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Explaining Why You're Looking for a New Job

During the interview process, you’ll likely be asked the question, “Why you are looking for a new job?” When answering this question, there are some basic guidelines you’ll want to follow to ensure you come across as professional, polite, and prepared. Here are some suggestions on how to handle this common interview question…

 

During an Interview

Whether you’re speaking with a recruiter or interviewing with your potential new boss, they will want to know why it is you’re looking for a new position. How you handle this question will give the interviewer insights into your personality and level of professionalism. It’s important to be honest and to communicate diplomatically. Our suggestion is to share one or two reasons why it is that you’re seeking a new position. Perhaps it’s that your current role has grown stagnant, and you’d like to further your career, or that you’re seeking a better management relationship and mentorship than what your current employer provides. Whatever you’re reasoning, politely and clearly explain the situation then quickly pivot the conversation to the new career opportunity and how that role would better serve you. Another suggestion is that when answering the question, you’ll want to avoid using strong words such as “hate” and you never want to criticize your current company, boss, or co-workers. Instead, reframe the situation, and how it served as a learning lesson for you, and why the new employer would better suit your needs and talents.

 

If you’d like some more examples on reasons for leaving you’re role and exactly how to answer this question during an interview, check out this great article on Indeed.

 

Speaking with Your Current Employer

When you inform your current boss at work that you’ve found a new role, they may also ask why you’re leaving. The way you handle this is to keep it short and sweet. You want to always leave your current role on good terms so simply let them know you found another opportunity that will serve you better in furthering your career. You don’t want to get into the details about whether it’s a higher salary or a better cultural environment. Be concise with your explanation and do let them know that you’re grateful for the time you had at your company and the knowledge and support they provided you in your career. One final suggestion is that you don’t want to burn bridges, so giving your current employer a 2-weeks’ notice is common courtesy in most work settings, as well as getting your loose ends tied up and leaving things as organized as possible.

 

Explaining Why You're Looking for a New Job

Improving Productivity and Focus at Work

Charles Duhigg, author of the books: The Power of Habit and Smarter Faster Better writes about habit formation and productivity. How do we become more productive as well as create routines to help us build and maintain healthy habits? In today’s blog, we turn to Duhigg’s work for his insights and observations.

 

Productivity

Most people agree that productivity isn’t about working harder or longer. Charles says, “The difference between being merely busy and genuinely productive is about taking control of how we think and making better choices—instead of simply reacting to life's constant demands.” One of the ways to feel in control is to start making conscious choices instead of only responding and reacting. When you’re reacting to demands or the situation, you’re not thinking, planning, and strategizing. The people that can set goals and get the most done are those that can focus and eliminate distractions. They focus on the main goal and sort what is helpful versus what is a distraction. We may think of distractions as spending time on social media, watching tv, etc., but distractions aren’t always so obvious. In his book, Smarter Faster Better, Charles writes, “If you need to improve your focus and learn to avoid distractions, take a moment to visualize, with as much detail as possible, what you are about to do. It is easier to know what's ahead when there's a well-rounded script inside your head.”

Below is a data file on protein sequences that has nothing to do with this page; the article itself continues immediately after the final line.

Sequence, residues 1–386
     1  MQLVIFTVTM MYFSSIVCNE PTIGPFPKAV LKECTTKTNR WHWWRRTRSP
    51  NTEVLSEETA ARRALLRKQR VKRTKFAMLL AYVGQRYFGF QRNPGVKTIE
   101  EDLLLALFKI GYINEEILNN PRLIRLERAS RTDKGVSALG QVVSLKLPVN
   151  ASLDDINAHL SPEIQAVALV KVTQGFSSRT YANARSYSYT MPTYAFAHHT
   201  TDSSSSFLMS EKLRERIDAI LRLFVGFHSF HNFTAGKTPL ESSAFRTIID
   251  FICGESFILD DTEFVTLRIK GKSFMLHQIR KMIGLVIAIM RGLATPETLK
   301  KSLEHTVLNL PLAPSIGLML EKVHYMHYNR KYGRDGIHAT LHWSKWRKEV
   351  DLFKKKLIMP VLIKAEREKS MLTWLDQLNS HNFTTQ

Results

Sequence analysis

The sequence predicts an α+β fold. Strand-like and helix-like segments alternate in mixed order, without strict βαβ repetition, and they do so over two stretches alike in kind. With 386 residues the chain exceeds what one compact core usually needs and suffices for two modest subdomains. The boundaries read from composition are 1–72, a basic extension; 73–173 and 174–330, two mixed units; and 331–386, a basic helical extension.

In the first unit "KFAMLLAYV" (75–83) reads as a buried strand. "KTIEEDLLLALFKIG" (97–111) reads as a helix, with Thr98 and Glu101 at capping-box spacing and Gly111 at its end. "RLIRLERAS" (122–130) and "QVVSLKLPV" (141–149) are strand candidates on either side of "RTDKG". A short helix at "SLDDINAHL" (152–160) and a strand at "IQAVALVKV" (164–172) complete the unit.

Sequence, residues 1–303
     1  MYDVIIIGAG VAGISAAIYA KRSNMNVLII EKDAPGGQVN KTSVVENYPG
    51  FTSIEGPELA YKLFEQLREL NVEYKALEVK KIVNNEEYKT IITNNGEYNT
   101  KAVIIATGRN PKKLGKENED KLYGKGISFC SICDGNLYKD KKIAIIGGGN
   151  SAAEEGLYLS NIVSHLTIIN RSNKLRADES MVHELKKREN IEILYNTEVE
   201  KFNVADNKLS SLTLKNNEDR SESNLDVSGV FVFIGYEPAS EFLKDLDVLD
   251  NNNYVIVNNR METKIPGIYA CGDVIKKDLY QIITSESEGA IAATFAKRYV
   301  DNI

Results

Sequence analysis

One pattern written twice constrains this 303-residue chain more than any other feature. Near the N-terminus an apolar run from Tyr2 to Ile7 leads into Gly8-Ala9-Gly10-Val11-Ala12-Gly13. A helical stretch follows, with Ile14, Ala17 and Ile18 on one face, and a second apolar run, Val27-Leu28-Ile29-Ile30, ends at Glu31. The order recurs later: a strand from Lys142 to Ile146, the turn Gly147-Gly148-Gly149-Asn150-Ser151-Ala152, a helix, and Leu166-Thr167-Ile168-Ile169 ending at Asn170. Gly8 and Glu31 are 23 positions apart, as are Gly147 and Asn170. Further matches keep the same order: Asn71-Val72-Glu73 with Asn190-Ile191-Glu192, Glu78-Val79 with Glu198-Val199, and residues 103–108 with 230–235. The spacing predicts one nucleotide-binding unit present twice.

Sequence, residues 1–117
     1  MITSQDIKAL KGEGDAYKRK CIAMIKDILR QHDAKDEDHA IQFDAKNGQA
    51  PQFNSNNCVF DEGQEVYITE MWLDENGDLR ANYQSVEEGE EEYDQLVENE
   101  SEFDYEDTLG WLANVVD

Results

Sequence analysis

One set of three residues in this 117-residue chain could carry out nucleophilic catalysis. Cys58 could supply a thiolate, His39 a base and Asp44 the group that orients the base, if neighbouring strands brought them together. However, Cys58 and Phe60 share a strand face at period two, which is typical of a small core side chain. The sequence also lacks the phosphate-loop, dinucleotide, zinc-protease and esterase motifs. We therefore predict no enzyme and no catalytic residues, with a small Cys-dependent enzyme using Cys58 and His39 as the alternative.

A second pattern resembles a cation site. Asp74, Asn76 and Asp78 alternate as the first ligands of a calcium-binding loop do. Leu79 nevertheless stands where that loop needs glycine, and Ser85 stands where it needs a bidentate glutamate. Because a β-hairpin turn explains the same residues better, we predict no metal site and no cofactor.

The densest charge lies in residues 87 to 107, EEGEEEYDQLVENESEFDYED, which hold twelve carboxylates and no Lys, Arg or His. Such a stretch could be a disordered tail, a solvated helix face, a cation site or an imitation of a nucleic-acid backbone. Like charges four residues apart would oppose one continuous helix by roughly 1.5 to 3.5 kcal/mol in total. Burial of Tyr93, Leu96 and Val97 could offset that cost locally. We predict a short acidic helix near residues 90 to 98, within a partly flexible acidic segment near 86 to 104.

Habit Formation

We may think habits only make up a small portion of our day-to-day life, but in reality, they make up a large portion of our daily actions. A Duke University research paper found that about 40% of people’s daily actions weren't due to decision making but were due to habits. It can be powerful to know that such a large part of our lives are taken up by habits because it can help us evaluate whether those habits are helpful or if we need to change them. If we want to implement new habits, Charles recommends using the framework:

  • Identify the routine
  • Experiment with rewards
  • Isolate the cue
  • Have a plan

An example of putting these steps into action could be wanting to adopt a new running routine. Once you know you want to start running (identifying the routine), you choose the cue (such as in the evening setting out your workout clothes and running shoes for your planned morning run), experimenting with a reward (like a refreshing drink after your run or an Epsom salt bath in the evening for your muscles), and creating a plan (you’ll run every Monday, Wednesday, Friday, from 6:30 am-7:30 am). It takes willpower to implement and maintain new habits, but like training a new muscle it will get stronger with time and consistency.